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A Look Into Bureaucrats' Offices

Bureaucracy, oh bureaucracy. How easy it is to curse that amorphous force that sucks up time, binding productivity and creativity in red tape. But how do you show what it looks like?

Six years ago, photographer Jan Banning sat, stumped by this question. The self-declared anarchist had been given what seemed "the most horrible assignment of my entire life:" A magazine had asked him to illustrate decentralization of administration in Mozambique.

Then it occurred to him; "Let's go meet the people involved." Having spent his life carefully steering clear of government officers, he was surprised to find they were far more varied and interesting than he'd imagined. The one-time assignment morphed into a four-year project, involving "Bureaucratics" — as his clever book is titled — across the world.

There's a sheriff sitting under deer heads in Texas, an urban planner with a taste for girlie calendars in Bolivia. There's a narcotics officer in France, who helps his informers "feel at home" by filling his government office with drug paraphernalia. There's an agriculture adviser in Yemen, only her eyes peeking through her chador, keeping her a mystery behind her stark desk. (Don't be fooled, says Banning — she runs a team of men.)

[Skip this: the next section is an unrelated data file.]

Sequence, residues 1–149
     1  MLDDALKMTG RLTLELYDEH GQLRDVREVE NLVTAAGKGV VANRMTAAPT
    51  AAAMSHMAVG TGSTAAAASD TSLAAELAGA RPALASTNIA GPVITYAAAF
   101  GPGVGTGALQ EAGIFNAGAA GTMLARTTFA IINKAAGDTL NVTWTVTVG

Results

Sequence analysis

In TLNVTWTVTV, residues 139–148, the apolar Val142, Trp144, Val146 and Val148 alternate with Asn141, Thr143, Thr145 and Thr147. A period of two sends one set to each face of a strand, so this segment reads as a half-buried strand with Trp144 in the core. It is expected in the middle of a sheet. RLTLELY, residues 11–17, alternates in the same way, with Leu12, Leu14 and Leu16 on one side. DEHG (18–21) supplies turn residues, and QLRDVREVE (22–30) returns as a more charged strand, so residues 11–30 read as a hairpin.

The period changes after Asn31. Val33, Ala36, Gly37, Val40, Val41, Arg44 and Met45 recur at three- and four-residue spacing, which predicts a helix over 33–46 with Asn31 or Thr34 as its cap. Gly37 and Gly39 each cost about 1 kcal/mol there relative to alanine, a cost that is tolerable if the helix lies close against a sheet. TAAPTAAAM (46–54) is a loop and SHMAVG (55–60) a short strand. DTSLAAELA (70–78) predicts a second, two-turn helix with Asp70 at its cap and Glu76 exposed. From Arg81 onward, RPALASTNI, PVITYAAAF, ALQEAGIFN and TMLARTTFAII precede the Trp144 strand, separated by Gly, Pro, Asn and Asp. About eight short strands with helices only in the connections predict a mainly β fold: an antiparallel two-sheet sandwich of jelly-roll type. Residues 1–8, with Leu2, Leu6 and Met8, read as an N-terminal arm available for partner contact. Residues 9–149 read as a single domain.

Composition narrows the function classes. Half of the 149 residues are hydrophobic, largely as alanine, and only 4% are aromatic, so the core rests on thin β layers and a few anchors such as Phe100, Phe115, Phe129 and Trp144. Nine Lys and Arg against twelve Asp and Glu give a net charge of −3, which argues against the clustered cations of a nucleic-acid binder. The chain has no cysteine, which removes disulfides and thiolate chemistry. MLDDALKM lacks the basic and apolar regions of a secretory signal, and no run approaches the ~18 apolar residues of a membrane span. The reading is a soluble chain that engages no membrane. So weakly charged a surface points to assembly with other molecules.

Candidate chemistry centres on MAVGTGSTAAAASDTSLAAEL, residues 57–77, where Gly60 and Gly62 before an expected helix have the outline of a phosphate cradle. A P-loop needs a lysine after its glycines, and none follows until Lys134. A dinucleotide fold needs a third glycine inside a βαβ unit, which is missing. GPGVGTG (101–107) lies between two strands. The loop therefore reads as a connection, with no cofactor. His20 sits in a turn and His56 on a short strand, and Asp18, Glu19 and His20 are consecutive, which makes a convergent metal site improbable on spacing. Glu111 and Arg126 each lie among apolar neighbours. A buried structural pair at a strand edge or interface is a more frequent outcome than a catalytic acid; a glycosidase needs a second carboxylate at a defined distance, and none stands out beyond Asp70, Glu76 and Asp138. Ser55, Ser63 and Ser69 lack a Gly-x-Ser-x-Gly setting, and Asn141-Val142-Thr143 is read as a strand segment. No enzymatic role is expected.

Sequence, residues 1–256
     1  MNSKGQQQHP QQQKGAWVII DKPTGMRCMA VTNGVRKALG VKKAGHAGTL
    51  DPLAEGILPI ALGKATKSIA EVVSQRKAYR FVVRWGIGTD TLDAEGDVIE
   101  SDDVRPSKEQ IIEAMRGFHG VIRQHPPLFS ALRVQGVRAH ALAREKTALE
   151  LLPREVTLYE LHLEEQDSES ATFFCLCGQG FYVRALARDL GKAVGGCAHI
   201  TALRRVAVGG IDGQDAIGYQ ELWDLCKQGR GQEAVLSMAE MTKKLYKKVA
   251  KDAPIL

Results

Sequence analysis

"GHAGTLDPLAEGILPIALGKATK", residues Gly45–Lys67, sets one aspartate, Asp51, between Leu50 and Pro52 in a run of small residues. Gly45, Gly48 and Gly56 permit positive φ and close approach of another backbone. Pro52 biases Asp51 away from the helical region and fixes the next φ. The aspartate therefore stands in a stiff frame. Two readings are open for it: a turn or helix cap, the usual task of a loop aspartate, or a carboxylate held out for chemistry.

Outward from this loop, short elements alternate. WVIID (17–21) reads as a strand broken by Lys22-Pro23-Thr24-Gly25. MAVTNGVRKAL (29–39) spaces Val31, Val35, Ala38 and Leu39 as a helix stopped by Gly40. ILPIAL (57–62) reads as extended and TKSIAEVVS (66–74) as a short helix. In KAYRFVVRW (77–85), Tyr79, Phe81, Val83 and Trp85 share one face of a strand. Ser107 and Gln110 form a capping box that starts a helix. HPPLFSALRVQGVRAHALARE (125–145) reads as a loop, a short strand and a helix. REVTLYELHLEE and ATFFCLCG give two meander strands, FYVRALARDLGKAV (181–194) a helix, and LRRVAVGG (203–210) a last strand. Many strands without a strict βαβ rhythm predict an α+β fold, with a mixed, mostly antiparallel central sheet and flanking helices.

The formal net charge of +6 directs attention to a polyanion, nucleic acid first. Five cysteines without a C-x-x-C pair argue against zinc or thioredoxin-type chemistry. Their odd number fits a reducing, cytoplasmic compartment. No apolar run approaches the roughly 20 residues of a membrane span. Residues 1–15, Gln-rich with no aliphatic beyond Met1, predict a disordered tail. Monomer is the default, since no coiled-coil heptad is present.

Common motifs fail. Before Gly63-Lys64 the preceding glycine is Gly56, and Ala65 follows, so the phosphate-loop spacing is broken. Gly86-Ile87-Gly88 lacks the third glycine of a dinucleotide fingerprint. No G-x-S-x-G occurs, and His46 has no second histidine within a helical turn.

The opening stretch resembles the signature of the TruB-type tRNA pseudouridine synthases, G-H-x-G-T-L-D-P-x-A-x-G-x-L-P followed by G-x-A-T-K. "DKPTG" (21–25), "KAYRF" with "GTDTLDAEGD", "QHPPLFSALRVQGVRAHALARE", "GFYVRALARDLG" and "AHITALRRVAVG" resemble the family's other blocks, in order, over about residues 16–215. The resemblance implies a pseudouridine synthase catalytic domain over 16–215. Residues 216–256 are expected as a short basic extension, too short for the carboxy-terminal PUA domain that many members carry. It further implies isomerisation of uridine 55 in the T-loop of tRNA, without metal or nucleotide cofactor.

Each of the square photos is taken the same way — straight on — from the level of someone entering the office. Before making the portrait, Banning asked only, "Would you please look at the camera?"

Meanwhile, writer Will Tinnemans took down details about these low- to midlevel government executives' lives; background, monthly salary or — more pertinent in Liberia — if they'd been paid at all.

Because the pair of documentarians didn't tell anyone they were coming in advance, they sometimes encountered people snoring on their desks. Banning met people across the world whose job is to do nothing more than literally shuffle paperwork from one room to the next. But, he adds, he also met people who work hard, driven by hopes of improving their lives and their countries.

Perhaps most surprising, Banning, who is from the Netherlands, was most impressed with bureaucrats in the U.S. — who not only seemed to take their jobs seriously, but gave their offices a "strong personal touch."

Banning's work is currently on display at The Stadthaus in Ulm, Germany.

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